MIMS HOUSE: Great NonFiction for Common Core
The story of the oldest known wild bird in the world. At 62+, she hatched a new chick in February, 2013. Read her remarkable story. A biography in text and art.
Here’s the cover of my new book that will be out in March 2014! Wahoo! Only 90 days or so till you can read it.
And for your pleasure, here’s the recipe for Cranberry Tea Punch that we always have during the holidays.
Cranberry Tea Punch
1 cup sugar
2 cups Pineapple
4 cups Cranberry Juice Cocktail
4 cups brewed tea (I use Luzianne Decaf)
Cinnamon stix, cloves.
I also like to float slices of lemon and orange.
Warm it up and have it close while you read a book.
By Noralee Frankel
In celebration of the anniversary of the first burlesque show in New York City on 12 September 1866, I reread a fun murder mystery, The G-String Murders, by Gypsy Rose Lee. “Finding dead bodies scattered all over a burlesque theater isn’t the sort of thing you’re likely to forget. Not quickly, anyway,” begins the story.
The editors at Simon & Schuster liked the setting in a burlesque theater and appreciated Gypsy’s natural style, with its unpretentious and casual tone. Her knowledge of burlesque enabled her to intrigue readers, who were as interested in life within a burlesque theater as in the mystery. Providing vivid local color, the novel describes comedic sketches, strip routines, costumes, and the happenings backstage. In a typical scene in the book, Gypsy muses about her strip act: “The theater had been full of men, slouched down in their seats. Their cigarettes glowed in the dark and a spotlight pierced through the smoke, following me as I walked back and forth.” Describing her band with precision, she wrote, “Musicians in their shirt sleeves, with racing forms in their pockets, played Sophisticated Lady while I flicked my pins in the tuba and dropped my garter belt into the pit.”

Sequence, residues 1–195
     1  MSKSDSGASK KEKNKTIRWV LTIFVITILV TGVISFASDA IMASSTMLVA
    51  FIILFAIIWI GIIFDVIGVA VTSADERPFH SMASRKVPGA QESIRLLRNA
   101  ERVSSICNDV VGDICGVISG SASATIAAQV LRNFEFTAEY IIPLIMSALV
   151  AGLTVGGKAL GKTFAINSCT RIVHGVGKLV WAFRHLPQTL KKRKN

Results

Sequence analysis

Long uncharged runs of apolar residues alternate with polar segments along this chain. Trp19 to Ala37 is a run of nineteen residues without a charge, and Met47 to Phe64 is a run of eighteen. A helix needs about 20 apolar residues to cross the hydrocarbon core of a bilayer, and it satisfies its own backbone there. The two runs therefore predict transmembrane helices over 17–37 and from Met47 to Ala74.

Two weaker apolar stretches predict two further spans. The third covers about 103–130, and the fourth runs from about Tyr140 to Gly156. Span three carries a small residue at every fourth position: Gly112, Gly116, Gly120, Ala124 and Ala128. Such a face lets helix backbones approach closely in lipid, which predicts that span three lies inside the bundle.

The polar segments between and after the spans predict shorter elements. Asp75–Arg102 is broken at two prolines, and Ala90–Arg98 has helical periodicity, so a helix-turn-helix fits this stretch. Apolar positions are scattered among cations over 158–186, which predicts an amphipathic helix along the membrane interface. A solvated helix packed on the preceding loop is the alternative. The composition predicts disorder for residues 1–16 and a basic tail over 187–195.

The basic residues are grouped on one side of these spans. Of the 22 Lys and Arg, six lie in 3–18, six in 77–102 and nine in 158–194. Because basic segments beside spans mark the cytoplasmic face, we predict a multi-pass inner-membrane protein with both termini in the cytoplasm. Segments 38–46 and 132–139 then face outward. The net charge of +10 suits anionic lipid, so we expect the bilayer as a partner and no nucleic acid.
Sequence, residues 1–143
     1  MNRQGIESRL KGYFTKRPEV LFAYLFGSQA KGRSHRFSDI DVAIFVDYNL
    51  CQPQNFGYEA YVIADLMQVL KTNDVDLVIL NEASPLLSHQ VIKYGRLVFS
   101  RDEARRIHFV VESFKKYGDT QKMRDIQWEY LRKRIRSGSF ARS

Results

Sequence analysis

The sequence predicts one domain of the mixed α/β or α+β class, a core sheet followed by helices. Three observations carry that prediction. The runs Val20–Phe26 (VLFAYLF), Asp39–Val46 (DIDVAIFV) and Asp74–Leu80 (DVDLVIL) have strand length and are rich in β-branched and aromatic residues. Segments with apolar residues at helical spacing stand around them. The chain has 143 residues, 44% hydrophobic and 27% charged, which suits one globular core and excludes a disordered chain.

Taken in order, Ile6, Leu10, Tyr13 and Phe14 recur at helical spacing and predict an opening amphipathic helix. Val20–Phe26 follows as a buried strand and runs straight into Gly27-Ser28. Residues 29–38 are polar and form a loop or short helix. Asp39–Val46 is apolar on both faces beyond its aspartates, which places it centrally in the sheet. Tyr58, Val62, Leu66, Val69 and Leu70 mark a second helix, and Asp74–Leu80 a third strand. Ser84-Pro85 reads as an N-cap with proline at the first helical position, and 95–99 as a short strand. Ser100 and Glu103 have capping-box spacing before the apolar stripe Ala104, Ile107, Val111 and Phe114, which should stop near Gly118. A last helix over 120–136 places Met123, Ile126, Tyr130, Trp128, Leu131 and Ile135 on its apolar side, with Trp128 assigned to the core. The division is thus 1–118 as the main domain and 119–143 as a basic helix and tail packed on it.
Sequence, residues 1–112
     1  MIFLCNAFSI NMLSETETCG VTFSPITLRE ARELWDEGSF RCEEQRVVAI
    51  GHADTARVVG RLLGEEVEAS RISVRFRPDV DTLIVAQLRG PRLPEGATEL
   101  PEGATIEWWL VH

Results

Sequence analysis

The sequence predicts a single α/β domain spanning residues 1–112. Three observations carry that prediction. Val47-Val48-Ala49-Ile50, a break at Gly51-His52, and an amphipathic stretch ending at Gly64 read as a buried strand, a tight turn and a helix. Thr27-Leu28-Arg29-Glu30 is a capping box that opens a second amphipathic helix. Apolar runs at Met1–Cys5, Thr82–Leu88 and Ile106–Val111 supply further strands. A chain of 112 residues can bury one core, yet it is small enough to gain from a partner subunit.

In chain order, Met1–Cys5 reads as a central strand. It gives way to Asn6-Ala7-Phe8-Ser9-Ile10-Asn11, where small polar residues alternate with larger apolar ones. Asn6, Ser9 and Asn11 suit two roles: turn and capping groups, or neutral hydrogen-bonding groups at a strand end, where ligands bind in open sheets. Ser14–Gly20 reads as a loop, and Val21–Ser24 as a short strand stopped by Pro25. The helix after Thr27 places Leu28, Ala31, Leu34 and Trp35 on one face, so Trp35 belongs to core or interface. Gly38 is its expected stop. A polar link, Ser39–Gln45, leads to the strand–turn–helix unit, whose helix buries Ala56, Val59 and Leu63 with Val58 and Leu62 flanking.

Gypsy worked as hard on her writing as her stripping, and The G-String Murders became a best seller. “People think that just because you’re a stripper you don’t have much else except a body. They don’t credit you with intelligence,” Gypsy later complained. “Maybe that’s why I write.”
Gypsy Rose Lee, full-length portrait, seated at typewriter, facing slightly right, 1956. Photo by Fred Palumbo of the World Telegram & Sun. Public rights given to Library of Congress. Public domain via Wikimedia Commons.
The G-String Murders briefly describes Gypsy’s career as a burlesque queen at a fictitious theater, based on those owned by the Minsky family, in New York City. In the book someone strangles a stripper, La Verne, with her G-string. The police turn up an abundance of suspects, including Louie, La Verne’s gangster boyfriend; Gypsy; and Gypsy’s boyfriend, Biff Brannigan, a comic working in the club. After someone tries to frame Biff by placing the lethal G-string in his pocket, he aids the police in solving the crime. He’s also concerned that the police suspect Gypsy and he wants to clear her by finding the actual murderer. After deducing the identity of the murderer, Biff proves his theory by suggesting that Gypsy act as bait and remains in the theater alone to tempt the murderer to strike again.